At Koenji Station, Tengo boarded the Chuo Line inbound rapid-service train. The car was empty. He had nothing planned that day. Wherever he went and whatever he did (or didn’t do) was entirely up to him. It was ten o’clock on a windless summer morning, and the sun was beating down. The train passed Shinjuku, Yotsuya, Ochanomizu, and arrived at Tokyo Central Station, the end of the line. Everyone got off, and Tengo followed suit. Then he sat on a bench and gave some thought to where he should go. “I can go anywhere I decide to,” he told himself. “It looks as if it’s going to be a hot day. I could go to the seashore.” He raised his head and studied the platform guide.
At that point, he realized what he had been doing all along.
Ok so some of you may know from my frequent freaking out on my main account that some serious bad luck has been going down recently with me, money wise. Seriously, it’s really bad and we’ve tried just about all we can right now; looking for state assistance, my mom currently trying to get…
It was the biggest launch in DC Comics’ history. Justice League #1 by Geoff Johns and Jim Lee, with midnight parties across the country and acres of publicity.
But two hours before the midnight launch on the East Coast, copies could be downloaded across the internet, held by file transfer services Wupload and Filesonic, and then torrented through sites such as Demonoid. One file is credited to scanner Archoboros of the CPS scanning group.
Want to build your brand? Traditionally that’s meant a lot of chest thumping. But that’s changing, IDEO communications designer Elle Luna told a standing-room-only crowd at The Designer Fund’s first-ever Designer Fair on Friday. More and more, brands are gaining traction by embracing qualities like honesty, kindness, and simply having a sense of humor about themselves. It’s something a lot of viewers of ads by Domino's,Old Spice, or Dos Equis may have noticed, but Luna summed it up succinctly.
“Today, brands are becoming more and more like humans,” Luna said. “They’re taking on more and more human-like traits.”
The Library of Congress today announced an agreement with Small Press Expo that will allow the Library to acquire independent comics and cartoon-art forms—material that it does not receive through copyright deposit.
The Small Press Expo (SPX) is an annual festival in Bethesda, Md., for alternative comic creators. The festival brings together more than 300 artists and publishers to meet their readers, booksellers, distributors and each other. SPX also hosts the annual Ignatz Awards, which recognize outstanding achievement in comics, cartooning and graphic novels.
“I am extremely excited about this partnership,” said Sara W. Duke, curator of popular and applied graphic art in the Library’s Prints and Photographs Division. “Small Press Expo offers talented young newcomers, as well as established artists, the opportunity to showcase their limited-edition and small-run publications.
There was a time when I wasn’t so sure a theme was necessary in writing a good screenplay. All you needed was an interesting character, who wanted something badly, and was having trouble getting it. That was it. If we had someone to cheer…
“I am a product of endless books. My father bought all the books he read and never got rid of any of them. There were books in the study, books in the drawing room, books in the cloakroom, books (two deep) in the great bookcase on the landing, books in a bedroom, books piled as high as my shoulder in the cistern attic, books of all kinds reflecting every transient stage of my parents’ interest, books readable and unreadable, books suitable for a child and books most emphatically not. Nothing was forbidden me. In the seemingly endless rainy afternoons I took volume after volume from the shelves. I had always the same certainty of finding a book that was new to me as a man who walks into a field has of finding a new blade of grass.”—C. S. Lewis (via troubled)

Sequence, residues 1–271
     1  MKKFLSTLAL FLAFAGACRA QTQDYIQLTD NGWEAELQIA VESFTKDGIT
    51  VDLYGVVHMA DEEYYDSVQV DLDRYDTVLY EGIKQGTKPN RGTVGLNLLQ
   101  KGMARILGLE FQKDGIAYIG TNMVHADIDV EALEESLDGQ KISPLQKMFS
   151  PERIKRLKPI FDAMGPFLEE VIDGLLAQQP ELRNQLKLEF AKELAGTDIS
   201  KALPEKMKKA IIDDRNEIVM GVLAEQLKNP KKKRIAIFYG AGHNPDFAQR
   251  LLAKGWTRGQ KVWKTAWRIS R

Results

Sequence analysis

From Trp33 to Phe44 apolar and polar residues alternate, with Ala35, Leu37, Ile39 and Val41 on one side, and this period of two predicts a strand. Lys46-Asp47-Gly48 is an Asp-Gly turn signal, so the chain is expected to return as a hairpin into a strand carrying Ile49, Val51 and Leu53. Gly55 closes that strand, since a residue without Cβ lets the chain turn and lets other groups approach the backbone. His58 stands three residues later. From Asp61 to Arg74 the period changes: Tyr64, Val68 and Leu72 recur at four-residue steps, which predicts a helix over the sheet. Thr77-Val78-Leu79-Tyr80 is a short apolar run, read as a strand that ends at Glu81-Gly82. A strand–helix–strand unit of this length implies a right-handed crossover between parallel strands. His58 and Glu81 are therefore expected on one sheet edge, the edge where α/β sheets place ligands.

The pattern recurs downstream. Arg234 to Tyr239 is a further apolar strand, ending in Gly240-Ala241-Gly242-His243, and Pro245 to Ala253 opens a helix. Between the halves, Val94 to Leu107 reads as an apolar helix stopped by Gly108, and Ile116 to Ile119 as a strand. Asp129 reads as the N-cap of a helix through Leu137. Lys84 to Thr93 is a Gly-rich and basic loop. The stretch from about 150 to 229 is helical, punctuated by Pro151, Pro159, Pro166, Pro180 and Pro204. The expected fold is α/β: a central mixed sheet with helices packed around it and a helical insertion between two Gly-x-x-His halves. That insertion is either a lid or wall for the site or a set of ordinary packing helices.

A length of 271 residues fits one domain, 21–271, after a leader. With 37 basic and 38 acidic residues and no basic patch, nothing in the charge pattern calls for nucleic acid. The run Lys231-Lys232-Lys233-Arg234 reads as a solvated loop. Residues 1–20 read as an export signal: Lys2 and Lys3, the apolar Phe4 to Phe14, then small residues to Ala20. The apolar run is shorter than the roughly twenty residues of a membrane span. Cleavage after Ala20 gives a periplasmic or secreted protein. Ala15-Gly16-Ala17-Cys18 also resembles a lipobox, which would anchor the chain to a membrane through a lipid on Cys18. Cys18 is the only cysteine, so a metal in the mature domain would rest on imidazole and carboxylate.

The second round of CREATOR VS. CRITIC, my online “battle” with comics critic Abhay Khosla is up on The Savage Critic. He’s a friend, but he’s also one of the most brilliant, vicious, and brilliantly vicious critics around. When we saw Captain America in the theaters, he laughed when Bucky…
When you work “above the line” on a movie (writer, director, actor, producer, etc.) watching it flop at the box office is devastating. I had such an experience during the opening weekend of Conan the Barbarian 3D.
A movie’s opening day is analogous to a political election night. Although I’ve never worked in politics, I remember having similar feelings of disappointment and disillusionment when my candidate lost a presidential bid, so I imagine that working as a speechwriter or a fundraiser for the losing campaign would feel about the same as working on an unsuccessful film.
ASUSTeK started out making the simple circuit boards within a Dell computer. Then ASUSTeK came to Dell with an interesting value proposition: “We’ve been doing a good job making these little boards. Why don’t you let us make the motherboard for you? Circuit manufacturing isn’t your core competence anyway and we could do it for 20% less.”
Dell accepted the proposal because from a perspective of making money, it made sense: Dell’s revenues were unaffected and its profits improved significantly. On successive occasions, ASUSTeK came back and took over the motherboard, the assembly of the computer, the management of the supply chain and the design of the computer. In each case Dell accepted the proposal because from a perspective of making money, it made sense: Dell’s revenues were unaffected and its profits improved significantly. However, the next time ASUSTeK came back, it wasn’t to talk to Dell. It was to talk to Best Buy and other retailers to tell them that they could offer them their own brand or any brand PC for 20% lower cost.